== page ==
Conditions vs. Problems

Steven Greenhut: There’s no doubt that Gov.-elect Jerry Brown’s inaugural speech Monday hit the right notes, as the Bee’s Dan Walters put it. I was in the press gallery and found the talk to be funny and charming. He offered nothing specific, but every Californian should be glad to hear a governor offer an honest budget for a change. Nevertheless, Brown is setting the stage for massive tax increases — he’s very clear that he opposes such increases unless the voters approve them, with an emphasis on the latter words. That tax vote is coming soon. Unfortunately, Brown’s speech — despite the occasional humor and welcome reference to matters such as pension reform — was filled with troubling references that suggest that (no surprise) he doesn’t get the basic reason for the state’s problems.

Take this quotation from his speech:

“I have thought a lot about this and it strikes me that what we face together as Californians are not so much problems but rather conditions, life’s inherent difficulties. A problem can be solved or forgotten but a condition always remains. It remains to elicit the best from each of us and show us how we depend on one another and how we have to work together.”

It’s true that people will always fight over government budgets and spending priorities, but California’s situation — a $28 billion budget deficit, massive unfunded liabilities, crumbling infrastructure, high unemployment — are not just inherent difficulties. They are caused by bad public policy, by legislators who continuously expand government beyond our ability to pay for it. It is caused by politicians such as Brown who view government as the solution to problems, and who have given public sector unions too much power and money.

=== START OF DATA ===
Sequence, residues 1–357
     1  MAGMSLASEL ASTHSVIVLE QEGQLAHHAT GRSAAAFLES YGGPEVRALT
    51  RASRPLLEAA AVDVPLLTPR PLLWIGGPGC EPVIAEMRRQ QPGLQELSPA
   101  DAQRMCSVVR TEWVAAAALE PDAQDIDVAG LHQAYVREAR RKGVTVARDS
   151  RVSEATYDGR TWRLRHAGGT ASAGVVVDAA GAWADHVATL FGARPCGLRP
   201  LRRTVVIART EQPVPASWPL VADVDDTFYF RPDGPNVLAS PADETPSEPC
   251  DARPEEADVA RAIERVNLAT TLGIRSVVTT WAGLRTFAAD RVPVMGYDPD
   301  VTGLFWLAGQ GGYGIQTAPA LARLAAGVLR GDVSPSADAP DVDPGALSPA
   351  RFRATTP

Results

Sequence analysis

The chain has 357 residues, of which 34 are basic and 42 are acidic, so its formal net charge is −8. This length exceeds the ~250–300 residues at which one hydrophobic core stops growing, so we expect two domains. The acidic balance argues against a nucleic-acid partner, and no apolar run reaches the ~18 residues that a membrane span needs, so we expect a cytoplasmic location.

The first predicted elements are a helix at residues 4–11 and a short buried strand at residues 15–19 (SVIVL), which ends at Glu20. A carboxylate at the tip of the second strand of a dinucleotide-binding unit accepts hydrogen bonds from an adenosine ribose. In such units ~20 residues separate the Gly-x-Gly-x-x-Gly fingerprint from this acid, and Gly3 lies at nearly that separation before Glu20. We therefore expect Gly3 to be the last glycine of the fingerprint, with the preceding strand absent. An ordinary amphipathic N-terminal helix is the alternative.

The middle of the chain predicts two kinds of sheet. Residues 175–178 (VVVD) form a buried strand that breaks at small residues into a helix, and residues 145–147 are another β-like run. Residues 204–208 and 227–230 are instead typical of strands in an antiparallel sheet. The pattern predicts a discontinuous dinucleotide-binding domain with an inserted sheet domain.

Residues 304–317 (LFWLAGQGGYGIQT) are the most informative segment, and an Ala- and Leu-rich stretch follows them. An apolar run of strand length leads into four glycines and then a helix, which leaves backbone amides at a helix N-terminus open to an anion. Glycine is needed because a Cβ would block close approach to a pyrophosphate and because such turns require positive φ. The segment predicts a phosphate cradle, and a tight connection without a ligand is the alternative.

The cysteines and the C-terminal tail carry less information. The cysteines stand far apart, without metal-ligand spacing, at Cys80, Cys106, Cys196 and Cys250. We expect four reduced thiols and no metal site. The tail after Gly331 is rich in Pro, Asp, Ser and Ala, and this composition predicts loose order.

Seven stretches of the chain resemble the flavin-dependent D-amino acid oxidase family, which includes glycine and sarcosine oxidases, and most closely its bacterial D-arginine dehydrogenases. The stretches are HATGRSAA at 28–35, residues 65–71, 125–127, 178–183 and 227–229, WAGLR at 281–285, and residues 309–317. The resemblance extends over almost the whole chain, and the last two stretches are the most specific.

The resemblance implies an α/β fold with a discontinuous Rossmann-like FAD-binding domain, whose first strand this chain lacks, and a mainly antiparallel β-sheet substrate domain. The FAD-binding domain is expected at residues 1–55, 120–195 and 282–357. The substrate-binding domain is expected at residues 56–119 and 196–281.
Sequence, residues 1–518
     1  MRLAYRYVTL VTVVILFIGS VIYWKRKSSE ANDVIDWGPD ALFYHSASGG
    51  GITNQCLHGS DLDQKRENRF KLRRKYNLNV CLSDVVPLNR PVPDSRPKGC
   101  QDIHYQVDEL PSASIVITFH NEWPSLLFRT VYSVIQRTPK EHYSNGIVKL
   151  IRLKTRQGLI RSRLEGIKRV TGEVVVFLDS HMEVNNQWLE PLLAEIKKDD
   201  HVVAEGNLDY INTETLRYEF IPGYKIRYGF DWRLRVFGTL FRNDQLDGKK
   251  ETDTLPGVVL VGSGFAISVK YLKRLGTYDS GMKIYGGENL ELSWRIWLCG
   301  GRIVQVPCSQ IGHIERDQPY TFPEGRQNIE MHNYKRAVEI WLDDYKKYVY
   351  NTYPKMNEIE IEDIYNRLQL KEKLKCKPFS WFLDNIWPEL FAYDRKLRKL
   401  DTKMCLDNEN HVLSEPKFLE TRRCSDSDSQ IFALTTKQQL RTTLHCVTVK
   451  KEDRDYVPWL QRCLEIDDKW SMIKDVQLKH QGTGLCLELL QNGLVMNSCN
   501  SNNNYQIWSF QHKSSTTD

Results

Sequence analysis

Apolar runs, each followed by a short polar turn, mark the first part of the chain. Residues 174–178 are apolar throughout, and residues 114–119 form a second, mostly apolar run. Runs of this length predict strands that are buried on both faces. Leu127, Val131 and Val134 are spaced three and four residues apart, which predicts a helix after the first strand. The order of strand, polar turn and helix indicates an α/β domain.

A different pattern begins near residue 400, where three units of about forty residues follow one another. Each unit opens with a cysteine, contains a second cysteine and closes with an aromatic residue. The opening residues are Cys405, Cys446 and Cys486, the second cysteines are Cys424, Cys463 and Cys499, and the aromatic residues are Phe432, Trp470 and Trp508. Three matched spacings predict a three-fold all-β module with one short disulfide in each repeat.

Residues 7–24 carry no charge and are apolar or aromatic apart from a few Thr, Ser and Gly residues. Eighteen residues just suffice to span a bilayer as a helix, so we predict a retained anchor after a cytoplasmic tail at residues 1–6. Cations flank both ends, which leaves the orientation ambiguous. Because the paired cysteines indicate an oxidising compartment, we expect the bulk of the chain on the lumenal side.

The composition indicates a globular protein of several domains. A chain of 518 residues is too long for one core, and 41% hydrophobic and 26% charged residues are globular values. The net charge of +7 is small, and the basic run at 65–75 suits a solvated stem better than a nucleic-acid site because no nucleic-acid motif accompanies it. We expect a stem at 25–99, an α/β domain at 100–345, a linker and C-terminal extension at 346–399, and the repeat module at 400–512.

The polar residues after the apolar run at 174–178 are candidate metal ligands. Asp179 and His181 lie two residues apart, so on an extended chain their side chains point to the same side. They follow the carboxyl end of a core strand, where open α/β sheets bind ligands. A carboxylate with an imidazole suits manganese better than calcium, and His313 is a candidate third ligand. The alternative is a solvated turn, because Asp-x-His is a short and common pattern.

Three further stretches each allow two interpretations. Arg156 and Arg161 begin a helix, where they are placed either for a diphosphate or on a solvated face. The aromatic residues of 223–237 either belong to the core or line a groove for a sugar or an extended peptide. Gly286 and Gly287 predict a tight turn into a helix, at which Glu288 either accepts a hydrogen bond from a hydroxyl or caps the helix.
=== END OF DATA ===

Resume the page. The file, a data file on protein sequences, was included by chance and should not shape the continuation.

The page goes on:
These aren’t conditions. Had California taken a more market-friendly path, the state would be dealing with far more manageable problems.

I was also struck by Brown’s emphasis on “loyalty.” I understand that he was trying to push Californians to embrace a cause bigger than their partisan loyalties, but in my experience this type of language is designed to reduce criticism of government policies. If, for instance, you are a harsh critic of your government then perhaps you are not loyal to your country or your state.

The coming weeks will be interesting as budget negotiations unfold. The biggest thing to watch: the impact of Prop. 25 on such negotiations.

California is entering uncharted territory. These really should be interesting times.

JAN. 4

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  1. StevefromSacto